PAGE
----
Kingsford: Reform dashes industry hopes
Wednesday 7 Aug 2019
Fiona Kingsford, Competenz CEO says both her organisation and its employers and industry leaders are disappointed that today’s announcement means that the industry-centric ITO sector will be phased out of workplace-based training.
“We surveyed more than 1,000 of our employers this year who told us that ITOs perform a critical function and need more funding, not disestablishing.”
The fundamental risk our industries face is the time involved and significant disruption of establishing a new NZIST and transitioning the workplace based training to the new system. It could mean being even less responsive to the fast-changing nature of work, which weakens the country’s ability to recruit, innovate and compete,” says Fiona.
She concedes that phasing out ITOs over three years to 2022 is a positive change from the Government’s original proposal.
“Extending the length of time that we can support our new and existing apprentices and trainees through the transition will ensure stability of their needs.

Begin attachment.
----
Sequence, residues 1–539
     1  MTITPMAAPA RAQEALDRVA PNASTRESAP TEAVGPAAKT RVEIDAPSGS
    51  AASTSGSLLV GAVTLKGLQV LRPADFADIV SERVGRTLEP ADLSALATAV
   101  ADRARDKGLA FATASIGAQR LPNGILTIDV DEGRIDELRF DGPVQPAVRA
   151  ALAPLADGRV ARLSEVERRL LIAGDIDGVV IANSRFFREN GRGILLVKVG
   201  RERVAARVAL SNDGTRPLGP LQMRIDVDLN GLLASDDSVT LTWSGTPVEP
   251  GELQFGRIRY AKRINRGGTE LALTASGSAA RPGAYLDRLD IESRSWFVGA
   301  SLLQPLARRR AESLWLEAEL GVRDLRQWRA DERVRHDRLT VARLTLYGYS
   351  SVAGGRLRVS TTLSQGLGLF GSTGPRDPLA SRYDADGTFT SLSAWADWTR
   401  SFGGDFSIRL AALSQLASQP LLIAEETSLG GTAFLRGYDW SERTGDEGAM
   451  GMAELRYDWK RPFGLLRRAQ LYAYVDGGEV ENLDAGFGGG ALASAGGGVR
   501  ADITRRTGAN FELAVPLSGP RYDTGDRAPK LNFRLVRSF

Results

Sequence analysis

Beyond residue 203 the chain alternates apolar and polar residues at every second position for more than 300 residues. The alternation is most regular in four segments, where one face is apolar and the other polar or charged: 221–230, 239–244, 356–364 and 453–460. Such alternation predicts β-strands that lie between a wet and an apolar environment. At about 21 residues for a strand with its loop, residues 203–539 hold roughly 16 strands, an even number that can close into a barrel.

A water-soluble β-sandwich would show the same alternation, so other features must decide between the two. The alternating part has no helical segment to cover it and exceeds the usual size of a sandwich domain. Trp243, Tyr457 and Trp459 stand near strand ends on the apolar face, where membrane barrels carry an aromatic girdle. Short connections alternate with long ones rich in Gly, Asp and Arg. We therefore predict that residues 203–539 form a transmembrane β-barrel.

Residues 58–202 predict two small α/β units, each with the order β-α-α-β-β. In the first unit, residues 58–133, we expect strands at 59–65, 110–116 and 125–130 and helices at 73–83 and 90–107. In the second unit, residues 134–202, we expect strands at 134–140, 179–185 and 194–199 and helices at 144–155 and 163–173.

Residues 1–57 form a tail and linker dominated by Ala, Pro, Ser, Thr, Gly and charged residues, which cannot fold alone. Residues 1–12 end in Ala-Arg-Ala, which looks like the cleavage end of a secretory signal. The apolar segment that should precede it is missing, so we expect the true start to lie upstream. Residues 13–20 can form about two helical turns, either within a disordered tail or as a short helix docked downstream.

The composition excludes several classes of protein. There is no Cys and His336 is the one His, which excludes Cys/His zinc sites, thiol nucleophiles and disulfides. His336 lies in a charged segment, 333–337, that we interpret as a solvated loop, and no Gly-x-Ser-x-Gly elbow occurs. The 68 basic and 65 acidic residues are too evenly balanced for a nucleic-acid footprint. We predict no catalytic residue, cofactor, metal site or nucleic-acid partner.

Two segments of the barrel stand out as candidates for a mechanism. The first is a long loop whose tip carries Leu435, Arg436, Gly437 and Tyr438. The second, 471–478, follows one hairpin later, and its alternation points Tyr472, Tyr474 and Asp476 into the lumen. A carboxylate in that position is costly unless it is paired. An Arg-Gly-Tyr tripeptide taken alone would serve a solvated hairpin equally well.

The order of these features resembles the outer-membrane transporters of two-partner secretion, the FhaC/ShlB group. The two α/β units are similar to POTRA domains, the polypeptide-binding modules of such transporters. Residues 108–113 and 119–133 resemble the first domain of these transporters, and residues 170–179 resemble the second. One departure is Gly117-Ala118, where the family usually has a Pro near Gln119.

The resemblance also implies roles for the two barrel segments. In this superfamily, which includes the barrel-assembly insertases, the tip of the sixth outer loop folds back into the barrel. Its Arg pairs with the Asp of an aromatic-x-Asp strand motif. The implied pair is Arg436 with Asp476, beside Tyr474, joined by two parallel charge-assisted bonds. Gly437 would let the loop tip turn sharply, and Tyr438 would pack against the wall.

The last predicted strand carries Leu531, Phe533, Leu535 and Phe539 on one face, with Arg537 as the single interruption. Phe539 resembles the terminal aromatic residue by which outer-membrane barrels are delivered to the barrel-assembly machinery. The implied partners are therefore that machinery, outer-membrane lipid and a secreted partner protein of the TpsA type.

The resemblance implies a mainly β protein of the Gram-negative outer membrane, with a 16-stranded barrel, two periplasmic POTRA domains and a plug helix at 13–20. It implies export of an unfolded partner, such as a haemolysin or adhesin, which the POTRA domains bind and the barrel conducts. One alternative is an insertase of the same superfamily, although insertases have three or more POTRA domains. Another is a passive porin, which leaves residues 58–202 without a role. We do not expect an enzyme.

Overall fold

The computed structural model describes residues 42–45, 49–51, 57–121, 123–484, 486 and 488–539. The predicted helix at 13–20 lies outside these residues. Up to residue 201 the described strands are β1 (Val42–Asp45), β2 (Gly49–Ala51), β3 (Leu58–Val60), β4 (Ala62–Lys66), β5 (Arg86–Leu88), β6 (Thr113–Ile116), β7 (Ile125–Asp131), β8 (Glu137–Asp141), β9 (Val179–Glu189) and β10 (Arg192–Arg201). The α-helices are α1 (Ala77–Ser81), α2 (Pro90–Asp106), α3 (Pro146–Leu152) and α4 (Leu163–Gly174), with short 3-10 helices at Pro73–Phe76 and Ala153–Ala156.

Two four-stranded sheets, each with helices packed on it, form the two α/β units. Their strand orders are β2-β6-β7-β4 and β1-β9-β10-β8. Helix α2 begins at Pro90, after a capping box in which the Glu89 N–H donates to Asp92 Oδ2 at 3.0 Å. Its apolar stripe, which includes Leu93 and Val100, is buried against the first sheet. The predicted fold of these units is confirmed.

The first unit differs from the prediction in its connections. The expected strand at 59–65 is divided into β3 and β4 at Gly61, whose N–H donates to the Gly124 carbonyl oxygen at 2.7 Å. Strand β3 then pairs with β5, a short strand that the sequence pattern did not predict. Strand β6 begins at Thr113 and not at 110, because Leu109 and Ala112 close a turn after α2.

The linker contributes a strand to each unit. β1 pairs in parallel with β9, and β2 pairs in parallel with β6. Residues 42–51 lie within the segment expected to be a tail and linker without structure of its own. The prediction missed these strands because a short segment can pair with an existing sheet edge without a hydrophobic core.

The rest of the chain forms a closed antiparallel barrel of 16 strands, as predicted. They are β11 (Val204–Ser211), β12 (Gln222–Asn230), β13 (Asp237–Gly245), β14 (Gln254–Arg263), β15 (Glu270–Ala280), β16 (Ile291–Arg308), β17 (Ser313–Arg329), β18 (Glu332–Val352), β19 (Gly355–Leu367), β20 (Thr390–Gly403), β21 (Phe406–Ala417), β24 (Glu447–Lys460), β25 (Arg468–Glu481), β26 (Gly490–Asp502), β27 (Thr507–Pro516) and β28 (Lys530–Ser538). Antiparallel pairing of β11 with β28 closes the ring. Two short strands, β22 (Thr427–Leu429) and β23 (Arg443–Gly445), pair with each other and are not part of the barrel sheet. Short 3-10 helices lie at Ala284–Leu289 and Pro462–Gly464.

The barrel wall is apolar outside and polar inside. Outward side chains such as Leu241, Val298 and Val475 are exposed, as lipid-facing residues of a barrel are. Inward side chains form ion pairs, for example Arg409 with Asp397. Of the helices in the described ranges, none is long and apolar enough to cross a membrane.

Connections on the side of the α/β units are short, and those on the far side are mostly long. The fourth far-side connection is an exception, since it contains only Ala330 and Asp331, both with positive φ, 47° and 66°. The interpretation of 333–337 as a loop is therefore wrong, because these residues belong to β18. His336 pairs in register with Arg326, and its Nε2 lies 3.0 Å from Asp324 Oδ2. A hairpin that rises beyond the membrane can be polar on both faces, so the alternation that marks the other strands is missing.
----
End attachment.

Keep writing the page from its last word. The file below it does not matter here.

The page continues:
“But we also know that any changes and uncertainty in this sector could mean a downturn in the number of people engaged in the entire vocational education system, so we will be working hard to ensure we continue to support our employers and learners throughout this period to make sure this doesn’t happen,” she said.
Competenz has supported an increase of apprenticeships year on year, particularly in the engineering industry, which has seen 16 per cent growth in apprentices over the past few years, and a 20 per cent hike in employers engaged in training.
“It is bittersweet that our success is now compromised. We cannot afford to lose this momentum at a time of critical skills shortages and industry growth,” Fiona admits there is much about the current system that needs to change to meet the needs of a rapidly changing world of work and was pleased the ITO’s recommendation to align the new framework across six vocational pathways had been reflected in last week’s paper.
“We support the development of the four to seven new industry-governed Workforce Development Councils (WDCs), as it’s critical that on-the-job training meets the needs of industry and is fit for purpose.
“Having greater opportunities on investment decisions, strengthened standard setting, skills leadership and employer brokerage is also welcomed. We are not yet clear on how this will be executed however, we believe that the relationship with employers is a critical role of the WDCs, so this is also positive,” said Fiona.
The paper confirmed a new funding model but did not give details.
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